Food for Thought: How to Handle Sleep Challenges as a New Parent

You may or may not have noticed this, but there are a lot of new families at UB.  With that in mind, here is a Whole9 guest post from a mother-daughter duo who are passionate about prenatal nutrition. Emily Rydbom CN, LE and Dr. Leslie Stone are founders of  GrowBaby®. Read their other Whole9 guest posts here.

It’s an all-too-familiar picture, a tip-toeing parent, holding their breath, willing their child to sleep. The pattern never stops, the child doesn’t sleep, so the parents don’t either. I have to admit, my mother was the one who cheerfully mentioned, “Oh, yes, well as a new mother I didn’t feel normal until you were all 4 years old.” Four! No thanks. I vowed then that I would work toward creating a healthy sleep environment for myself and my son. We both had to survive this and my heart was set on it. I imagine many mothers and fathers have the same grandiose idea of training their child to sleep, but then life happens and they have to adjust. So, in the spirit of adjustment, and sanity, here is GrowBaby’s approach to helping parents work through their sleep challenges.

The recommendations below are for babies over 18 lbs who do not have autism spectrum disorder. In the case of any spectrum disorder, there are more than likely multiple specialists included in their care. Please address the individual needs of the child with all who are involved.

Scenario #1: A child who doesn’t have sleep hygiene mastered

You’ve tried it all; sleep routines, playtime outside, diet changes, and nothing helps. This is where questions arise for us regarding specifics surrounding poor sleep and diet change. In order to make the inhibitory neurotransmitter serotonin and the co-factor to make melatonin (which helps you sleep) you need B vitamins, vitamin C, magnesium, L-tryptophan, and balanced gut health. Why? The largest site of serotonin production happens in your gut, not your brain.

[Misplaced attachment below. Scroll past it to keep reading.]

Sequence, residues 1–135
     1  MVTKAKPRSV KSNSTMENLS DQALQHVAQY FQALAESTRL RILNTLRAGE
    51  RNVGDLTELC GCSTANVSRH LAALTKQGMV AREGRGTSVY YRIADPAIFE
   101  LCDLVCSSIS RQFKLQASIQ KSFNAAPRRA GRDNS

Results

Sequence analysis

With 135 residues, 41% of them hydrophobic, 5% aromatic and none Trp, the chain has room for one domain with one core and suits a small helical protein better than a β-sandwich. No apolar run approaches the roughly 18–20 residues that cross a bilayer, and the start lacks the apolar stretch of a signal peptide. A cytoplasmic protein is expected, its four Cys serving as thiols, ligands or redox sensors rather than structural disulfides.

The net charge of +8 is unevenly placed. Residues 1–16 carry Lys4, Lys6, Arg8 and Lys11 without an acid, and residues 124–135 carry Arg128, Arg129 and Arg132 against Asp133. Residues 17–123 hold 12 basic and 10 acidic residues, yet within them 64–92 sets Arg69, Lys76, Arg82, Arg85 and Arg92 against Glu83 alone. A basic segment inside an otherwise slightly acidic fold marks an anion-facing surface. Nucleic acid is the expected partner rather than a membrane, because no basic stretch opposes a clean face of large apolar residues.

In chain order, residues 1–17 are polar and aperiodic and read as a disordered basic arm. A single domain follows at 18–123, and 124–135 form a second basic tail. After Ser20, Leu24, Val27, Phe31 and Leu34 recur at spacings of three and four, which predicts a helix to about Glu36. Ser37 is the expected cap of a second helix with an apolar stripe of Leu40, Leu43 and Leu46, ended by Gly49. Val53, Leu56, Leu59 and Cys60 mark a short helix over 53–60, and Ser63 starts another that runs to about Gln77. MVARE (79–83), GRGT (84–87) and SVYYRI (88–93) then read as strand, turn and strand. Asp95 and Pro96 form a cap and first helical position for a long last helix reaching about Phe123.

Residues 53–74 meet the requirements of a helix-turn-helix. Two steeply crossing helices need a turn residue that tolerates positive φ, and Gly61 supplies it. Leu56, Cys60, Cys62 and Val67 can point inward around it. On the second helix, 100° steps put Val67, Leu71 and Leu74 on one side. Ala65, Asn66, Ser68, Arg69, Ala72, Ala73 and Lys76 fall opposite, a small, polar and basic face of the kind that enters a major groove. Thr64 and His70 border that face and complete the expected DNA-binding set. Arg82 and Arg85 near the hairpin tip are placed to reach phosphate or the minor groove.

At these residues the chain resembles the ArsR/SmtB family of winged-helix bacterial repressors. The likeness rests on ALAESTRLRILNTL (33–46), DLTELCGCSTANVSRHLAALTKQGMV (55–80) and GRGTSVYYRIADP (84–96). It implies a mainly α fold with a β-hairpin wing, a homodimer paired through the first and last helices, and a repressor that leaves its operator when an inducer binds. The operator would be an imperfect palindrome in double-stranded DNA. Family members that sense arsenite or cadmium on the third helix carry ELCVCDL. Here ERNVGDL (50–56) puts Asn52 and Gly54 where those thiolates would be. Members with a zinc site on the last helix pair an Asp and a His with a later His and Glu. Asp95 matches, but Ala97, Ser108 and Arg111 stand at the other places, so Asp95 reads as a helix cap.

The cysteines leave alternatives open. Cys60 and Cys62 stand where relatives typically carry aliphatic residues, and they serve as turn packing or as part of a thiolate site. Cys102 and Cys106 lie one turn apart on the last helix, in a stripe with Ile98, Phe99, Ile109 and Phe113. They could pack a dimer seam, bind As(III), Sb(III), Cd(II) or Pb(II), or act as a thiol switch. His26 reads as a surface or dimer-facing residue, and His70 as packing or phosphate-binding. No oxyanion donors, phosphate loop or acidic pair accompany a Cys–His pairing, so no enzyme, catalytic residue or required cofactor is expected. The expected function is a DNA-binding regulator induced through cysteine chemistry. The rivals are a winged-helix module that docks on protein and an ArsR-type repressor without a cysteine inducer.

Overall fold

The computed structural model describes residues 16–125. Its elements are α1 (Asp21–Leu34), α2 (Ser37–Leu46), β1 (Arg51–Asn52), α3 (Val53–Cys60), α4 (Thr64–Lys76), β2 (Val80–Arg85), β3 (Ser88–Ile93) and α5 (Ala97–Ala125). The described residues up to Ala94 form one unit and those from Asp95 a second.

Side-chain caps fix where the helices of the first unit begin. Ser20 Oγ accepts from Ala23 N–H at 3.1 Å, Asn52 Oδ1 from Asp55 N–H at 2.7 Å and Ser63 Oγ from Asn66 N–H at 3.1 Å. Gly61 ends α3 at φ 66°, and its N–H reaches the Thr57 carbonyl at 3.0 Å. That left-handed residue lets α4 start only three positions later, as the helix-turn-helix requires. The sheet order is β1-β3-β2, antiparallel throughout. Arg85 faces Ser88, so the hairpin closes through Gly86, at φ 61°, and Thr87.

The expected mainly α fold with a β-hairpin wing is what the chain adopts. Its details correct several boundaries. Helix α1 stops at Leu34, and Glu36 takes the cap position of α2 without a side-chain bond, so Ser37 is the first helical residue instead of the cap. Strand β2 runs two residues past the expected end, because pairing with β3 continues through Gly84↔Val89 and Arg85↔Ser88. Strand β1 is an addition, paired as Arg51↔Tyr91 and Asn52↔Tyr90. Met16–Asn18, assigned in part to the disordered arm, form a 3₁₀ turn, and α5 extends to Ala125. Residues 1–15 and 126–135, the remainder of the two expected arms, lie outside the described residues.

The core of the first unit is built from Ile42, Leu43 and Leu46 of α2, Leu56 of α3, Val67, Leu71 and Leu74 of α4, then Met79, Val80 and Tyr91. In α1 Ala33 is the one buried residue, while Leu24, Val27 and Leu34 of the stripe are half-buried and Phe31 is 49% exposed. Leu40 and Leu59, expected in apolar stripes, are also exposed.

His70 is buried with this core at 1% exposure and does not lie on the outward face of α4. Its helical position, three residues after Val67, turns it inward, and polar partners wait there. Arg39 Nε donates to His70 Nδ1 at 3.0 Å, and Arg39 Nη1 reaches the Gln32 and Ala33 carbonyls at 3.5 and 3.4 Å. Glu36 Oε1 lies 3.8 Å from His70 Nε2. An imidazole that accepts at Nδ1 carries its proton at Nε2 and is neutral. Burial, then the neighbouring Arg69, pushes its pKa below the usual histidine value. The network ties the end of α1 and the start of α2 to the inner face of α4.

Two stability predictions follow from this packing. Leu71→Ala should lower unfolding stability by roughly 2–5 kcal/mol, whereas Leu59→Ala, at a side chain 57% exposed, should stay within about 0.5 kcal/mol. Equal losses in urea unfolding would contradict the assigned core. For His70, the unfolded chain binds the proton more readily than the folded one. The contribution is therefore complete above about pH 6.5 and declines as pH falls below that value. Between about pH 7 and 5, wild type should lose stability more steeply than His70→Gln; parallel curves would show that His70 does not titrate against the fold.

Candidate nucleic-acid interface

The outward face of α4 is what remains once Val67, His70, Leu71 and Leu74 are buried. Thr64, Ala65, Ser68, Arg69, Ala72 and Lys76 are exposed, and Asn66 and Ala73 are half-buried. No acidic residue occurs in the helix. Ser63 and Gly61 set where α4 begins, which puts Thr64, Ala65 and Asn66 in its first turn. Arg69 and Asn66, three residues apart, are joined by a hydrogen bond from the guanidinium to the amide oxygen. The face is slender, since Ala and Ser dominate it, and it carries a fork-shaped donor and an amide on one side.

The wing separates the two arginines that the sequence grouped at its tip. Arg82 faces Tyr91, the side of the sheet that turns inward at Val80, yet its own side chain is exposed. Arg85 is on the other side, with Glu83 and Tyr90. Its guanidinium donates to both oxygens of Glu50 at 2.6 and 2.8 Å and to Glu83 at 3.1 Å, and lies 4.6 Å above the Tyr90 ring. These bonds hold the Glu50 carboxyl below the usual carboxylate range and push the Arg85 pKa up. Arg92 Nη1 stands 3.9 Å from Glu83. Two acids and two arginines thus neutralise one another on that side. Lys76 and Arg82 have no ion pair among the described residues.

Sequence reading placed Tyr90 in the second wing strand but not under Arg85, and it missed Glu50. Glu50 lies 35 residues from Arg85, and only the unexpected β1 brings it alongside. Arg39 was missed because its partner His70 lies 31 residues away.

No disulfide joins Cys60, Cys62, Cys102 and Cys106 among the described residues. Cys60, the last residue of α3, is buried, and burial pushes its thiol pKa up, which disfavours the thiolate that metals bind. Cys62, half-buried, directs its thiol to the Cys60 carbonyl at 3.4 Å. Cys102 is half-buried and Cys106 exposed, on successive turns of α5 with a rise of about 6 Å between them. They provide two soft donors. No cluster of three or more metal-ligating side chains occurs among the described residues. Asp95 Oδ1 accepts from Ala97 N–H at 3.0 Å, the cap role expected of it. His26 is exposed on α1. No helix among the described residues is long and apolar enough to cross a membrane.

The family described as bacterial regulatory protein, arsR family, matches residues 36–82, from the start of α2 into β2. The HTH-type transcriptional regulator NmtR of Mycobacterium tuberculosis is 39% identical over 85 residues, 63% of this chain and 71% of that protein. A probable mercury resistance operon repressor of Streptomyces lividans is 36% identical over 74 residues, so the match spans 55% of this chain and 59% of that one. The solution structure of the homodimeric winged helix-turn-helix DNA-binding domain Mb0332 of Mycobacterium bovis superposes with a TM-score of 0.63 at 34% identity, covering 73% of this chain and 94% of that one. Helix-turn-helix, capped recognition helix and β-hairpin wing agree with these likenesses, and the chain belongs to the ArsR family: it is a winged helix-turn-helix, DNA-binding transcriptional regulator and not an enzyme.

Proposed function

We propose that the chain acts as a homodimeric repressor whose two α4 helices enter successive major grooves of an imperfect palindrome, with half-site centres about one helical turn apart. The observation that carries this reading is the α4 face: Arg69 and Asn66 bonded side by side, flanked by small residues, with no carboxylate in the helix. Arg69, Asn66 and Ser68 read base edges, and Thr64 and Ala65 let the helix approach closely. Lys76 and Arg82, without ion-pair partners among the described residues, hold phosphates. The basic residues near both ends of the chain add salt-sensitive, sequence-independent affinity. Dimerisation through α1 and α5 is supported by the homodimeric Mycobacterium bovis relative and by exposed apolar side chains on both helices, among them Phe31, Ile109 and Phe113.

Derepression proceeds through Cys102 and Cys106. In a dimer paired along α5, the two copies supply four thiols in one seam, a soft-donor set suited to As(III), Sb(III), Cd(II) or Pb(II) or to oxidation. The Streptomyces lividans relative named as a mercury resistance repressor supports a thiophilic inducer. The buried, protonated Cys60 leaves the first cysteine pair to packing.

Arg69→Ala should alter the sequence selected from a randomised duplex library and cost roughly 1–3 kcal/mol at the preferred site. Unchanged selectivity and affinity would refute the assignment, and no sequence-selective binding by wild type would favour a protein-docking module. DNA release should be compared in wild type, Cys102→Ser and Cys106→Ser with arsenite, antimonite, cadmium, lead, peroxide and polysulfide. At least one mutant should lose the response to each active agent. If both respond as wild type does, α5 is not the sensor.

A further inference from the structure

Improve Serotonin Production

You can help to improve serotonin production in your child by addressing their gut health using the 5R approach.¹

  1. Remove the most commonly problematic foods like wheat, eggs, dairy, soy, shellfish, corn, and refined sugar.
  2. Replace with naturally occurring digestive enzymes found in fruits like papaya and pineapple, as well as mangoes, watermelon, blueberries, raspberries, and grapefruit, or vegetables like parsley, kale, broccoli, celery, cabbage, beets, and beet greens.²
  3. Reinoculate with healthy bacteria by choosing fermented foods daily, like yogurt and kefir (if tolerated), bone broth, natto (avoid if Paleo), sauerkraut, kimchi, and miso (avoid if Paleo).
  4. Repair by choosing nutrients that support gut health like L-glutamine (a non-essential amino acid). You’ll find this in cabbage, beets, beef, chicken, and fish. Butyric Acid (made from fermented fiber in your large intestine) also supports gut health and comes from vegetables, fruit, and butter. Omega-3 fatty acids (essential fats) are found in seafood, flaxseeds, chia seeds, algal oil, walnuts, and almonds.
  5. Rebalance stress by making sleep learning as much about your child as it is about you. Involve your child, and ask them to choose what relaxes and calms them. It is about observation, but also inquiry. You may be older and wiser, but asking their opinion about what is working will continue to encourage healthy communication. Most babies calm with the quiet humming or soothing tones of their parent’s voice, feeling the beat of the parent’s heartbeat with contact of the chest. When you feel appreciation and gratitude for someone (like your baby) and are close (within 2-4 feet) your heartbeat and their heartbeat will begin to synchronize. So quiet appreciation and gratitude with closeness can calm your child.


Address Protein, Vitamin & Mineral Intake

Protein, vitamin, and mineral intake impact your child’s sleep and by addressing this, you may improve sleep for your child.